Have German Solar Subsidies Failed?

They have, says Bjorn Lomborg, the skeptical environmentalist who was once a solar enthusiast

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Have German Solar Subsidies Failed?

The current issue of Slate, the pioneering e-magazine launched years ago by Microsoft and now owned by The Washington Post, has an article about "how Germany wasted $130 billion on inefficient solar power subsidies." What makes the article notable is that its author is Bjorn Lomborg, the self-proclaimed "skeptical environmentalist" who has sometimes been remarkably credulous about solar prospects. In his highly controversial book (The Skeptical Environmentalist), Lomborg seemed to think that concerted global action to abate greenhouse gas emissions was unnecessary and ill-advised, partly because photovoltaics would pretty much automatically solve the climate problem (to the extent there is one).

In the article, which seems to be well-argued and well-supported, Lomborg reports that German firms installed 7.5 gigawatts of solar energy last year in response to the federal government's generous subsidies. This capacity growth was twice the level the government considered desirable and so much that the average German's annual electricity bill will rise by $260. Lomborg cites a report in Der Spiegel, Germany's leading news magazine, indicating that government leaders now see the solar subsidy program as a "money pit."

Germany, as Lomborg observes, is not one of the world's sunnier countries; it was in large part because of this rudimentary fact that Spectrum, some years ago, declared a central solar generating station in Bavaria "a foggy notion." That 10-megawatt facility was a particularly egregious case, but the general picture is not positive either, if Lomborg has his facts right. Despite a cumulative $130 billion in government subsidies, says Lomborg, solar energy accounts for only 0.3 percent of Germany's installed capacity and will cut greenhouse gas emissions only 1 percent over the next 20 years. Meanwhile, among advanced industrial countries, Germany has the second-highest electricity prices.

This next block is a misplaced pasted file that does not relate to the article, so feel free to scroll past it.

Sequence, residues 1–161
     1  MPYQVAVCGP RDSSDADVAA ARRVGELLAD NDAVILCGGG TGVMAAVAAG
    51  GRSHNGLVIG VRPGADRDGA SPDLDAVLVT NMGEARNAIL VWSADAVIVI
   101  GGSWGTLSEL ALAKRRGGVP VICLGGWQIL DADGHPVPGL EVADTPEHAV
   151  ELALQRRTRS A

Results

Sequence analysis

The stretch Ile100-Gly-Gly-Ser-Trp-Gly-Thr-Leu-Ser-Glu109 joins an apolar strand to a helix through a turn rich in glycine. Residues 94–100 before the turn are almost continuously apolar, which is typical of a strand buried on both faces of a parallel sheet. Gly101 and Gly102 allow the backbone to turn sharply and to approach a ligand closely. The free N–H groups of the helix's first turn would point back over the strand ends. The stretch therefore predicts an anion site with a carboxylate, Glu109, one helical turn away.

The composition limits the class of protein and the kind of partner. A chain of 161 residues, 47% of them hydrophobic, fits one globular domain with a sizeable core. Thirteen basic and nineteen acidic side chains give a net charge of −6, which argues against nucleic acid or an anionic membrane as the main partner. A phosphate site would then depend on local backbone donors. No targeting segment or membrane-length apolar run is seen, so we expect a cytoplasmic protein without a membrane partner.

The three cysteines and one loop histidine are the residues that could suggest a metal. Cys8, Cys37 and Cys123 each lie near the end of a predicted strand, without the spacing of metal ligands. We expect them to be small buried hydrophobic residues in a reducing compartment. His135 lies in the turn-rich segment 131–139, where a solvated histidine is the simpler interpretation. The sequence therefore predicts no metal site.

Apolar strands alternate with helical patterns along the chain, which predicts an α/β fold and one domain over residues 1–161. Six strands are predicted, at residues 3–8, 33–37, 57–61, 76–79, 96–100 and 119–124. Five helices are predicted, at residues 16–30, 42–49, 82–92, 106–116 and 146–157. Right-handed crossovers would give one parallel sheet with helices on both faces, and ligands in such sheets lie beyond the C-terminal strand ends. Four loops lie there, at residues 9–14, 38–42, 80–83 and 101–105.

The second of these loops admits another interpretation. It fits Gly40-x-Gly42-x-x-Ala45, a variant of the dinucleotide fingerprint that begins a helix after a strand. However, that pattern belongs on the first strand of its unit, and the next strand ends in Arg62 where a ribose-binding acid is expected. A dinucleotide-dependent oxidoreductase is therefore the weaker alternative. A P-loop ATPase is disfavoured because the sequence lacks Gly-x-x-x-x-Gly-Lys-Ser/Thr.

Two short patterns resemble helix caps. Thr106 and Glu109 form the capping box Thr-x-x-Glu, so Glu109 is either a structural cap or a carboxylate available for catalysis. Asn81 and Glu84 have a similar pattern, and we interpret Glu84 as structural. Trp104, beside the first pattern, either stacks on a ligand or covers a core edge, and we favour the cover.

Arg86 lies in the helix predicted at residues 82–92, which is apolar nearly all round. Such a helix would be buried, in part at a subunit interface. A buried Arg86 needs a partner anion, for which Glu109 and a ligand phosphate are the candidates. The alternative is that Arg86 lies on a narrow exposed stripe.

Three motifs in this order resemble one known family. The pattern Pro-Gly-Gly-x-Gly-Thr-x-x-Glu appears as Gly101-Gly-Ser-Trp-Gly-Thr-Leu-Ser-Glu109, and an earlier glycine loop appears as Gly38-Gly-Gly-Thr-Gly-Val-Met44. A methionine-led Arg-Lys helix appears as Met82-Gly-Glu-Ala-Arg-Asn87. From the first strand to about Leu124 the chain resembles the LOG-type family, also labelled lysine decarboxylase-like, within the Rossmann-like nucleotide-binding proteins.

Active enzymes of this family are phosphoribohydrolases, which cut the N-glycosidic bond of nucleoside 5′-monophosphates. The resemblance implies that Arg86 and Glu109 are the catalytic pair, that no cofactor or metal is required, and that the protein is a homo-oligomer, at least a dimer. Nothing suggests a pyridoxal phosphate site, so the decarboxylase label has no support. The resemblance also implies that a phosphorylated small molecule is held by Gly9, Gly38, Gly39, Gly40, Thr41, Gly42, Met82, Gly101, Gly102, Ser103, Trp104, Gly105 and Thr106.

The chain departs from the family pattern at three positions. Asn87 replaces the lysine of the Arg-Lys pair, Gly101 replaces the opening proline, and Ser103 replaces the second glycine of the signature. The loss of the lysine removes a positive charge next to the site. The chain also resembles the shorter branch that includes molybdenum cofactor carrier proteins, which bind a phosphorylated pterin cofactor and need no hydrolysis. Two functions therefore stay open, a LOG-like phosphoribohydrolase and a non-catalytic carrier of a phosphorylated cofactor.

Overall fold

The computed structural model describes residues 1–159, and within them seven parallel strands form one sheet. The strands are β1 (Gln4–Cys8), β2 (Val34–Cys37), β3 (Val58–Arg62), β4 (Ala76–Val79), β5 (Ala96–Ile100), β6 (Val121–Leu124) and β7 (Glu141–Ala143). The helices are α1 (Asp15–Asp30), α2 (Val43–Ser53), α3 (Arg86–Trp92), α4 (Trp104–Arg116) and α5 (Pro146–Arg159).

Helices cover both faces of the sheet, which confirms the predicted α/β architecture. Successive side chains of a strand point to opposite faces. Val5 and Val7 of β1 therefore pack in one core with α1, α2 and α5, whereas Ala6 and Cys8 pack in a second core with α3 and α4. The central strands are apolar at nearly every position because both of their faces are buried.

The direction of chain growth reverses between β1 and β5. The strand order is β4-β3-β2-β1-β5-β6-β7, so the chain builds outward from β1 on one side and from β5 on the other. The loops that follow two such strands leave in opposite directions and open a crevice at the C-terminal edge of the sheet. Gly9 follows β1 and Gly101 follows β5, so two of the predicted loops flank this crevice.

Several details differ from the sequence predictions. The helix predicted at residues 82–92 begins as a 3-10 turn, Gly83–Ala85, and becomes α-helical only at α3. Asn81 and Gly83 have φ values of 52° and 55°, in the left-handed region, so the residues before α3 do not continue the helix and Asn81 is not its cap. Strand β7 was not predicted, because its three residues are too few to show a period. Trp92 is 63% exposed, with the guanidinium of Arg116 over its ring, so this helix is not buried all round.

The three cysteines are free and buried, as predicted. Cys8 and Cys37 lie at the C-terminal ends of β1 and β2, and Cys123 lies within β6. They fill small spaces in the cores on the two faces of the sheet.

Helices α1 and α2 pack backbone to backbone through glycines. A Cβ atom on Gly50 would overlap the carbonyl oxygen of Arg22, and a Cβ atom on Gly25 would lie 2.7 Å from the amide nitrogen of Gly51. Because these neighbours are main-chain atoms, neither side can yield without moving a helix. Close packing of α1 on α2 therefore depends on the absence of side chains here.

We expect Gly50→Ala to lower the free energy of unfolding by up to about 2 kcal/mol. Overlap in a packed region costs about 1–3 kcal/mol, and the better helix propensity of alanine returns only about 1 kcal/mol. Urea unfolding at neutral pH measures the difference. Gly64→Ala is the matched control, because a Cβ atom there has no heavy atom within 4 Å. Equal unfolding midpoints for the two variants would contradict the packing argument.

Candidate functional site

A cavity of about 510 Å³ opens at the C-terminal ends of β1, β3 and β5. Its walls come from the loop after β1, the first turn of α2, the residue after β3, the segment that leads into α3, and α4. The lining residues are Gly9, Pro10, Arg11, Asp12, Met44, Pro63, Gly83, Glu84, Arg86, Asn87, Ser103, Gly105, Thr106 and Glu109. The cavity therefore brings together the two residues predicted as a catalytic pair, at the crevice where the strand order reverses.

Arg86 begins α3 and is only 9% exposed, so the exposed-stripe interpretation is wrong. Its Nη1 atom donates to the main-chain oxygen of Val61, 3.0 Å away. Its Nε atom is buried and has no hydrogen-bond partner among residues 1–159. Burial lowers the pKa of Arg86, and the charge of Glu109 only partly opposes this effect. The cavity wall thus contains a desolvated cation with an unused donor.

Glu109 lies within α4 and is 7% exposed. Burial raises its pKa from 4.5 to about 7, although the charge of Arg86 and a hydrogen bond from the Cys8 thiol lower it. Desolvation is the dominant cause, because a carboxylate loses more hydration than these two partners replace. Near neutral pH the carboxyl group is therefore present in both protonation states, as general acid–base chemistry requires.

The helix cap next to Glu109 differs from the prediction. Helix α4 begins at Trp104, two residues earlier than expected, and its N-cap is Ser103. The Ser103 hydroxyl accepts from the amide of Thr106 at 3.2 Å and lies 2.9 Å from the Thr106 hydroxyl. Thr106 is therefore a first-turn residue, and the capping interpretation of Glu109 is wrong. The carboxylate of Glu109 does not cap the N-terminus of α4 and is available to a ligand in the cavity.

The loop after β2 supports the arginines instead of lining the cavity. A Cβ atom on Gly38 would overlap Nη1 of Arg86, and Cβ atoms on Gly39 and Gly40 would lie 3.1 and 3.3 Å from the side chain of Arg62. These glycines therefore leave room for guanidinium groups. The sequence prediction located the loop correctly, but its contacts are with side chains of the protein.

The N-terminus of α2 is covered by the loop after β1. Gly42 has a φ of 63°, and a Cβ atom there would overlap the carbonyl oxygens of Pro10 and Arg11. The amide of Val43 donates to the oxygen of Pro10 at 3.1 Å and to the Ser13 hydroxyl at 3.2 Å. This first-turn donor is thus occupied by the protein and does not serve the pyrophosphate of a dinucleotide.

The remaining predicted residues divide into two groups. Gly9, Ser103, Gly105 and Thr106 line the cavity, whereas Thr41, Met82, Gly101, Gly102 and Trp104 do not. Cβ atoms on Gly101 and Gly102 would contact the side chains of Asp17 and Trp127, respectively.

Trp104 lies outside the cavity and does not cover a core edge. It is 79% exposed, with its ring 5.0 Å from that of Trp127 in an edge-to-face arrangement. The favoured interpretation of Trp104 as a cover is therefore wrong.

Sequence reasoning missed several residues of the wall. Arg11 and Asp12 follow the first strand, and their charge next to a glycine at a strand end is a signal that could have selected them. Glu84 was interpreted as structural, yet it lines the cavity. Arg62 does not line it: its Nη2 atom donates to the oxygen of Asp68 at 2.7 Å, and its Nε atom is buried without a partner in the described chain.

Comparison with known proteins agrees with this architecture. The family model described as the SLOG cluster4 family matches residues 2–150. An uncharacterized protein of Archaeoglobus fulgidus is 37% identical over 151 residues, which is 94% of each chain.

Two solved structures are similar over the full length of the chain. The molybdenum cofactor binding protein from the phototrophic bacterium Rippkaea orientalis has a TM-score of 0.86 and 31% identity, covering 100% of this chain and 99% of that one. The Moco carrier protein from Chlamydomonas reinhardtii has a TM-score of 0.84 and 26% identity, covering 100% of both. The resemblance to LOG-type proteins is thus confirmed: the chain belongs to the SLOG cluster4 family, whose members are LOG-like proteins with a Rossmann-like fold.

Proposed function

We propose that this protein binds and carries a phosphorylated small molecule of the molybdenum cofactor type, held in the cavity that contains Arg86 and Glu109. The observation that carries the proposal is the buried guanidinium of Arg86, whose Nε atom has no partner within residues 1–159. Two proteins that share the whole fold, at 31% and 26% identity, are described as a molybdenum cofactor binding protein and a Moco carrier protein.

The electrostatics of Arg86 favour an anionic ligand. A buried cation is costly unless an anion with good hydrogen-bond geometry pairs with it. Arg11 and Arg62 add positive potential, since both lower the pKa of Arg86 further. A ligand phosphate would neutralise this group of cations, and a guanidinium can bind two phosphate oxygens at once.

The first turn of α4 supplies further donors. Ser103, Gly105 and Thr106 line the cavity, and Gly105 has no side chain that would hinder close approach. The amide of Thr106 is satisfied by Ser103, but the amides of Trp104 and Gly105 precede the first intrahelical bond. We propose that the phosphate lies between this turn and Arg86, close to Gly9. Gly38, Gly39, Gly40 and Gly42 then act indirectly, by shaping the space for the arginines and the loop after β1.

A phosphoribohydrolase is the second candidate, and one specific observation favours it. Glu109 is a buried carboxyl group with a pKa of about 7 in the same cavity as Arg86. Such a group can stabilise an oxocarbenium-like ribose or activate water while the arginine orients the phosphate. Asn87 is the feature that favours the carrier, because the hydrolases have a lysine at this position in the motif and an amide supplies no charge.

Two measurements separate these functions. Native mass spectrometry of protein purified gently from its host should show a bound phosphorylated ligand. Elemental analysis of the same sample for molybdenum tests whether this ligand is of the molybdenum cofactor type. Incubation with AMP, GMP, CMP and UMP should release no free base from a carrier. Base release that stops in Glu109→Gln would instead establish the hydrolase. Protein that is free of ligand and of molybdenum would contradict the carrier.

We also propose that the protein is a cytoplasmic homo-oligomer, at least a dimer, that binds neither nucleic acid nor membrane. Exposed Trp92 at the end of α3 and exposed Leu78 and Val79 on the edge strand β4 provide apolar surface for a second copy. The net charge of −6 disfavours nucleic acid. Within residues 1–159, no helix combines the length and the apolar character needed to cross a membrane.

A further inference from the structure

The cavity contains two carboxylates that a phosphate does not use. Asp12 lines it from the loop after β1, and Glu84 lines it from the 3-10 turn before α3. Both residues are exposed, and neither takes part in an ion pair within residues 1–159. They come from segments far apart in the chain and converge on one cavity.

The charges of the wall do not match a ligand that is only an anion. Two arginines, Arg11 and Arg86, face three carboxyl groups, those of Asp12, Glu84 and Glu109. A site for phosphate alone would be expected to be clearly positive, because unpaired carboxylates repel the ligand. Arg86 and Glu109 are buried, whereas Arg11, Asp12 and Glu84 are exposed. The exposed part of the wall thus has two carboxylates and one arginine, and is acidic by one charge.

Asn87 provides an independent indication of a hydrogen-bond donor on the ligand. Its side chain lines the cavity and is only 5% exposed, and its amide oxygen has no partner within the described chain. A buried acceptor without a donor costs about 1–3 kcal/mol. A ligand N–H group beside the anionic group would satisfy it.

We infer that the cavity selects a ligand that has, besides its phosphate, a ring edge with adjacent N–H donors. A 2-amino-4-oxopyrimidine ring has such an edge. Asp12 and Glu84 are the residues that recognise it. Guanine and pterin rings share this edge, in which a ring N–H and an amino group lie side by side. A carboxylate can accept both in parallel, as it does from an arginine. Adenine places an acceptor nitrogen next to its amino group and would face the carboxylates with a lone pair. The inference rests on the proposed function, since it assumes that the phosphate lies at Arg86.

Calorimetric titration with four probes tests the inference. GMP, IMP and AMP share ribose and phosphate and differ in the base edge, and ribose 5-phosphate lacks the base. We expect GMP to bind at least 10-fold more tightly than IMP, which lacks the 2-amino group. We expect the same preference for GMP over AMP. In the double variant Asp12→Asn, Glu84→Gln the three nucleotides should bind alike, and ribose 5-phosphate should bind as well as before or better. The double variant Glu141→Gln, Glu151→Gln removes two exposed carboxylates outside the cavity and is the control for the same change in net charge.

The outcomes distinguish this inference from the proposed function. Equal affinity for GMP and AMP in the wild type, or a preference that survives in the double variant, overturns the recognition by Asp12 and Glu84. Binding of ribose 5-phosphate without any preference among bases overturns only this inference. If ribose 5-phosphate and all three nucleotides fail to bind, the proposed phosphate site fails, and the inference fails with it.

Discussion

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This photograph shows a car with the words “We Drive Solar” on the door, connected to a charging station. A windmill can be seen in the background.

The Dutch city of Utrecht is embracing vehicle-to-grid technology, an example of which is shown here—an EV connected to a bidirectional charger. The historic Rijn en Zon windmill provides a fitting background for this scene.

We Drive Solar

Hundreds of charging stations for electric vehicles dot Utrecht’s urban landscape in the Netherlands like little electric mushrooms. Unlike those you may have grown accustomed to seeing, many of these stations don’t just charge electric cars—they can also send power from vehicle batteries to the local utility grid for use by homes and businesses.

Debates over the feasibility and value of such vehicle-to-grid technology go back decades. Those arguments are not yet settled. But big automakers like Volkswagen, Nissan, and Hyundai have moved to produce the kinds of cars that can use such bidirectional chargers—alongside similar vehicle-to-home technology, whereby your car can power your house, say, during a blackout, as promoted by Ford with its new F-150 Lightning. Given the rapid uptake of electric vehicles, many people are thinking hard about how to make the best use of all that rolling battery power.

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